To run the nethogs utility, type the following command under red-hat based systems.

# nethogs

To execute it, you will must have root permissions, so run with sudo command as shown.

$ sudo nethogs
Sample Previews:
Install Nethogs in Linux

NetHogs Preview on CentOS 6.3

Install nethogs in Ubuntu

NetHogs Preview on Ubuntu 12.10

As you see above the send and received lines show the amount of traffic being used by per process. The total sent and received usage of bandwidth calculated at the bottom. You can sort and change the order by using the interactive controls discussed below.

NetHogs Command Line Options

Following are the nethogs command line options. Using ‘-d‘ to add a refresh rate and ‘device name‘ to monitor specific given device or devices bandwidth (default is eth0). For example, to set 5 seconds as your refresh rate, then type the command as.

# nethogs -d 5
$ sudo nethogs -d 5

To monitor specific device (eth0) network bandwidth only, use the command as.

# nethogs eth0
$ sudo nethogs eth0

To monitor network bandwidth of both eth0 and eth1 interfaces, type the following command.

# nethogs eth0 eth1
$ sudo nethogs eth0 eth1
Other Options and Usage
-d : delay for refresh rate.
-h : display available commands usage.
-p : sniff in promiscious mode (not recommended).
-t : tracemode.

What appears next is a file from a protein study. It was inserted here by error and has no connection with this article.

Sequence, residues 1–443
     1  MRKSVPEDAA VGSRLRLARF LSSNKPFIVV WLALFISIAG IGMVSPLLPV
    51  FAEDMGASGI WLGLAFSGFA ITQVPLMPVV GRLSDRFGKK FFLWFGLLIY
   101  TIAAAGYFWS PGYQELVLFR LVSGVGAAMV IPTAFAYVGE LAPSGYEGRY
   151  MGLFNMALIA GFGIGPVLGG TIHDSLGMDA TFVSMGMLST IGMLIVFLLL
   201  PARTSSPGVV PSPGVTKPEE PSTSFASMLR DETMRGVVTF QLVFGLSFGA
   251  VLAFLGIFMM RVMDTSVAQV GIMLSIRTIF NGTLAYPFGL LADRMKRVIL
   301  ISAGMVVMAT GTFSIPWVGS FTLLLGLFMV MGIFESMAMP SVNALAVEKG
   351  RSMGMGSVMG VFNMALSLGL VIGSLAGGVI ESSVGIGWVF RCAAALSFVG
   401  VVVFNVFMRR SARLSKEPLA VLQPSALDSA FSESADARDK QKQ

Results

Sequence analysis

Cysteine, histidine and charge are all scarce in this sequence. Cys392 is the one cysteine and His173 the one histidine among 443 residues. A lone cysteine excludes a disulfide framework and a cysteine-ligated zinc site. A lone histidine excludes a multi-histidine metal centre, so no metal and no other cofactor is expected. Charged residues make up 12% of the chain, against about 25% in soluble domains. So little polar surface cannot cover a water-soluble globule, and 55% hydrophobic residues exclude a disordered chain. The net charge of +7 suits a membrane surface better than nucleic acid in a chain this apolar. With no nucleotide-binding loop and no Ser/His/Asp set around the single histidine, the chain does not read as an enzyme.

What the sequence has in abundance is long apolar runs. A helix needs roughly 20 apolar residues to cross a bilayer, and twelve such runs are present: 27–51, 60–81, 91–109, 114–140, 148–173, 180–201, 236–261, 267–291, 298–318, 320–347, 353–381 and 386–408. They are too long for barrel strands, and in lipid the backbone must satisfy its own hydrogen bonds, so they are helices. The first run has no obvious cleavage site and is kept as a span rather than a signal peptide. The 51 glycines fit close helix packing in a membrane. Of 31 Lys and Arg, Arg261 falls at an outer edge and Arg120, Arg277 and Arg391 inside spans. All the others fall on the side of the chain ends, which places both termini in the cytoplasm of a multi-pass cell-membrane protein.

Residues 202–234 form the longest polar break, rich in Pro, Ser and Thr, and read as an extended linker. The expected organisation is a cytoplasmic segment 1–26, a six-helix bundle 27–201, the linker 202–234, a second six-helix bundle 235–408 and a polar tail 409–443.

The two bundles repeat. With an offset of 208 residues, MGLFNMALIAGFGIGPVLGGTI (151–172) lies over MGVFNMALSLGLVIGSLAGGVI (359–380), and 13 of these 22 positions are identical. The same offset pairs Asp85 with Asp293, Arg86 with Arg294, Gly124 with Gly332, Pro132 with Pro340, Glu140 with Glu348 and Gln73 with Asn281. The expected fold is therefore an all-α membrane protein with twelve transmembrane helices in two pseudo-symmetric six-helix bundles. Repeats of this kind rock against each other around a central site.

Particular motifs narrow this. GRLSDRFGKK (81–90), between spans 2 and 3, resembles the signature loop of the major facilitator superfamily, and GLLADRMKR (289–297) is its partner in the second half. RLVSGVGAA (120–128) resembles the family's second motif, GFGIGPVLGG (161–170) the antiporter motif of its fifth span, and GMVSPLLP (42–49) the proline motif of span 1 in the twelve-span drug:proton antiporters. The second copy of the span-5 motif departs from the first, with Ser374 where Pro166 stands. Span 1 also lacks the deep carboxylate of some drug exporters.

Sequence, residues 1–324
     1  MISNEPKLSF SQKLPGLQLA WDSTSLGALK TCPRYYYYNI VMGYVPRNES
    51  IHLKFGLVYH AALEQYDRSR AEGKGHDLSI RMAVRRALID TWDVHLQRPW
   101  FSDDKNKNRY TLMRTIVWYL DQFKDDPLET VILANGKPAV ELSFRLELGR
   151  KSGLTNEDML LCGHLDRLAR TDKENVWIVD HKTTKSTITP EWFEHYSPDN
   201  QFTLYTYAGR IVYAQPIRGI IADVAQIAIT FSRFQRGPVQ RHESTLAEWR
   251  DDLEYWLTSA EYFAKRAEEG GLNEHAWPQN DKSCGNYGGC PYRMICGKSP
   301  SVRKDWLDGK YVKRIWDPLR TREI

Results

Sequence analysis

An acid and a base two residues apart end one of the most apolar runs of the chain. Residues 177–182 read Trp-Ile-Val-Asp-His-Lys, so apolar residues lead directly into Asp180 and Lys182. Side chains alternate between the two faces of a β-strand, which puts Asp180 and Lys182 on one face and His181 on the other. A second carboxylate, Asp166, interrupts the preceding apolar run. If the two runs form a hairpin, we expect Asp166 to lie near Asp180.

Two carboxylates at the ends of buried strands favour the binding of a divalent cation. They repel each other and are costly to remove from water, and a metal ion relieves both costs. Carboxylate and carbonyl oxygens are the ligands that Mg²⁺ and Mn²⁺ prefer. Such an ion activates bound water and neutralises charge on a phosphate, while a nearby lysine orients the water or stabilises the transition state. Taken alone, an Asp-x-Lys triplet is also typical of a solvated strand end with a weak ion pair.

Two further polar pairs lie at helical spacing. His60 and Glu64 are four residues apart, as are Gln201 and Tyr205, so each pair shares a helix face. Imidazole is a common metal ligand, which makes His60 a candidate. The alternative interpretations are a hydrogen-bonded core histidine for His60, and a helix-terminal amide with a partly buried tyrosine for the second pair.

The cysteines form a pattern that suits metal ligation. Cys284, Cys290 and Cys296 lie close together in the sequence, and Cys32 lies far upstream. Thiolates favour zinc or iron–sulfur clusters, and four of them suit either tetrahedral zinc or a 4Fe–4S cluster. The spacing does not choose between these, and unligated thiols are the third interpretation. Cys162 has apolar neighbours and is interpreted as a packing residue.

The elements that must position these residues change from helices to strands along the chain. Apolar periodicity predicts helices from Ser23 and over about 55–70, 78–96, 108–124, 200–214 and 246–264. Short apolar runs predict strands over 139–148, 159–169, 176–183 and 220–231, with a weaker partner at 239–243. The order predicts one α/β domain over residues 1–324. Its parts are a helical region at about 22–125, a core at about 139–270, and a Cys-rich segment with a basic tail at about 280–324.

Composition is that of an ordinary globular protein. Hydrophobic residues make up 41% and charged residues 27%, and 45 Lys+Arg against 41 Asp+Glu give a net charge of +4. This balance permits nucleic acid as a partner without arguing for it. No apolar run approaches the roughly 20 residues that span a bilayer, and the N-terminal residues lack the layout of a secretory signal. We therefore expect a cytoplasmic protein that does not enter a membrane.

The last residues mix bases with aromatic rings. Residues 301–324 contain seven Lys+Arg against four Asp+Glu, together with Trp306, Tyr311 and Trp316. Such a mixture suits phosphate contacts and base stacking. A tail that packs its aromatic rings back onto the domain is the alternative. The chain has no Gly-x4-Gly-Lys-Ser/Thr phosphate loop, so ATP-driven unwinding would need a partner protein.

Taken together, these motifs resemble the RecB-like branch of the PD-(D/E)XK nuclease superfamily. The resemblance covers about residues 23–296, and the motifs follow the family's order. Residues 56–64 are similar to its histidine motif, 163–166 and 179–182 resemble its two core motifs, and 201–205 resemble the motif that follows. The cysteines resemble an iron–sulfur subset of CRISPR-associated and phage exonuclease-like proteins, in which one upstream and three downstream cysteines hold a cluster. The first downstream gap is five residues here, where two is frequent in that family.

-V : prints Version info.

NetHogs Interactive Controls

Following are some useful interactive controls (Keyboard Shortcuts) of nethogs program.

-m : Change the units displayed for the bandwidth in units like KB/sec -> KB -> B-> MB.
-r : Sort by magnitude of respectively traffic.
-s : Sort by magnitude of sent traffic.
-q : Hit quit to the shell prompt.

For a full list of nethogs utility command line options, please check out the nethogs man pages by using command as ‘man nethogs‘ or ‘sudo man nethogs‘ from the terminal. For more information visit the Nethogs project home page.

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Ravi Saive

I am Ravi Saive, creator of TecMint. A Computer Geek and Linux Guru who loves to share tricks and tips on Internet. Most Of My Servers runs on Open Source Platform called Linux. Follow Me: Twitter, Facebook and Google+

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9 Responses

  1. Vab says:

    Hi I have a problem here:
    what are those IP addresses? can you help me there?
    thank you

  2. Shantanu says:

    Getting error as:

    yum install nethogs
    Loaded plugins: fastestmirror, security
    Loading mirror speeds from cached hostfile
    * base:
    * extras:
    * updates:
    Setting up Install Process
    No package nethogs available.
    Error: Nothing to do

    • Ravi Saive says:


      May I know on which Linux distribution you’re trying to install? also have you installed and enabled EPEL repository on the system? if not, follow these commands.

      # yum install epel-release
      # yum install nethogs
  3. sudhir says:

    How can I filter the monitoring for a specific process with its name, could you you tell me an example command for that?

  4. researchiteng says:

    It seems nethogs is not recompiled by epel for RH/Centos 7.
    Any ideas how to do it?

    • Ravi Saive says:

      What do you mean by recompiled? the nethogs packages comes with epel repository all you have to do is:

      # yum install nethogs
  5. niraj vara says:


    I have installed the same and working fine and its a good tools but problem is PROGRAM column it showing only the destination details only its not showing the source address you can see the same issue in above screen when you run the

    sudo nethogs